The presence of this Cadillac Escalade cannot be denied. It’s big, it’s brash, it sucks down fuel like a 747 and is like a first-class jet on the inside. The Escalade gets wide, soft, heated-and-cooled leather seats, unfinished woodgrain trim and shiny accents all over. The CUE (Cadillac User Experience) entertainment system is improving over the somewhat-difficult-to-navigate early versions, and the faux suede headliner with cutout for the sunroof looks cool, too. The second row of seats has a lot of space, but the third row is more cramped than you might expect — fairly common for a truck-based SUV. Visibility is great, which is important when piloting this behemoth.
I’ll never complain about GM’s 6.2-liter V8. It has plenty of power to move this enormous ute around and sounds good doing it. The transmission is tuned for efficiency, though — it shifts early and often if you’re not pushing the pedal down far. The V8 has cylinder shutdown too, which saves fuel by deactivating half the engine during part-throttle operation — it’s noted with a little “V4” logo in the dash.
Throttle response is good, as expected from a big V8 with no turbochargers. The Escalade isn’t so fast that it lurches off the line — even when you floor it, it’s not fast-fast, it just moves along smoothly and quickly. The brakes take a surprising amount of effort to haul this thing down, though. Several times I had to add pressure at the last moment because I thought I was going to end up blowing through a red light.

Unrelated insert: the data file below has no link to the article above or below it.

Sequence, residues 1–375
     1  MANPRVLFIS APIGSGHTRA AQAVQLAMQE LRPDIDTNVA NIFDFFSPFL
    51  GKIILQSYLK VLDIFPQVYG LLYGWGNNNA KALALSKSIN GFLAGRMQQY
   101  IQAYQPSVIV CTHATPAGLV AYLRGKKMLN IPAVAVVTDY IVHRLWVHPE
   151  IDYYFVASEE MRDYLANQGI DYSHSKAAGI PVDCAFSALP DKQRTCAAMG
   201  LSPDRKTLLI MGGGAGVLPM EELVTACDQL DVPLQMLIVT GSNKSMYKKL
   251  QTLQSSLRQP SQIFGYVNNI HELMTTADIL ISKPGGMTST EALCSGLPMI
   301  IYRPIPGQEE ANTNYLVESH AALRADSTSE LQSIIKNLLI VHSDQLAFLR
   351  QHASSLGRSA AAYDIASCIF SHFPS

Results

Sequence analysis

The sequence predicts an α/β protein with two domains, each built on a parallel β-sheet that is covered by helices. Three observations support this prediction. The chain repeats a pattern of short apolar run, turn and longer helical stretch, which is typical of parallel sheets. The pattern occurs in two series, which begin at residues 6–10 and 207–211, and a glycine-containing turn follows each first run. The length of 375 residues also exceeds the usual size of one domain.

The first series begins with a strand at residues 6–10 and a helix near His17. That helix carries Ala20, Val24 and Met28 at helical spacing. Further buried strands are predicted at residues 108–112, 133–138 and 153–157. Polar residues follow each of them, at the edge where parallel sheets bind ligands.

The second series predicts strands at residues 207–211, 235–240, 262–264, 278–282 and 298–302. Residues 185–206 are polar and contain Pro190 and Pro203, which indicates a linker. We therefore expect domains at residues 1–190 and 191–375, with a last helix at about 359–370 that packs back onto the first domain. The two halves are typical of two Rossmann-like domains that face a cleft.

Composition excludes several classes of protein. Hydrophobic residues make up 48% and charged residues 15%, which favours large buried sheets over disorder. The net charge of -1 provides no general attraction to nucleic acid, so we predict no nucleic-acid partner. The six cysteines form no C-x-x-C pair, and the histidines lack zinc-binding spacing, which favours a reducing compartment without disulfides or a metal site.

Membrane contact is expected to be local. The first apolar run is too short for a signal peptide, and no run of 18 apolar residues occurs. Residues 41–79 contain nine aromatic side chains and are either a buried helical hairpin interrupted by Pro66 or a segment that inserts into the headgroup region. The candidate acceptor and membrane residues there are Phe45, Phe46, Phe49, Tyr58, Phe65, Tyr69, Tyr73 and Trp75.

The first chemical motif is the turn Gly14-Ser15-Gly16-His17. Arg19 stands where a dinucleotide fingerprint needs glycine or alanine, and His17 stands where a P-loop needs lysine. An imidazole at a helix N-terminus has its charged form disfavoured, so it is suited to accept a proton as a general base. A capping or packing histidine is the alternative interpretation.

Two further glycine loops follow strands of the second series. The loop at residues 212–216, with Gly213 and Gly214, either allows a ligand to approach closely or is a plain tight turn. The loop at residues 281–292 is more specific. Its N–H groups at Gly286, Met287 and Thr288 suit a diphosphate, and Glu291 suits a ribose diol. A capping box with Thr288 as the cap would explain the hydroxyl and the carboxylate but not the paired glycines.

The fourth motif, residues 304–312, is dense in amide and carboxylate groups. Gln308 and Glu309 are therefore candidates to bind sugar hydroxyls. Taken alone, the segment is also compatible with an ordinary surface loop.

Part of that is due to simple mass: The Escalade is heavy and lets you know it. It feels heavy in the steering, in the throttle and especially the brakes. I don’t mind the weight in the steering wheel, but you’ll want to pass on tight parking lots. At speed, there are no problems.
The suspension soaks up almost everything so there’s no need to dodge potholes or road imperfections; even though the wheels are big and blingy, it has enough tire on it so you don’t have to really worry about scuffing something up. I don’t know if I’d go full off-road with it — barring the zombie apocalypse — but some light trails, sand or mud wouldn’t be a problem.
A base 2017 Cadillac Escalade is about $74,000; this Platinum trim is up at $95K with everything included. The Mercedes GLS starts at $69K, so it is a tad bit cheaper while still getting three rows. The Escalade’s most direct competitor, the Lincoln Navigator Reserve, runs about $78K comparably equipped, though with an EcoBoost V6 and not nearly as opulent an interior.
–Jake Lingeman, road test editor
Base Price: $95,790
As Tested Price: $96,500
Drivetrain: 6.2-liter OHV V8, 4WD eight-speed automatic
Output: 420 hp @ 5,600 rpm, 460 lb-ft @ 4,100 rpm
Curb Weight: 5,784 lb
Fuel Economy: 15/20/17 mpg(EPA City/Hwy/Combined)
Options: Red passion tintocat ($500); chrome exhaust tip ($135); wheel lock kit ($75)
Pros: Visibility, comfort and tech
Cons: Hard to maneuver at slow speeds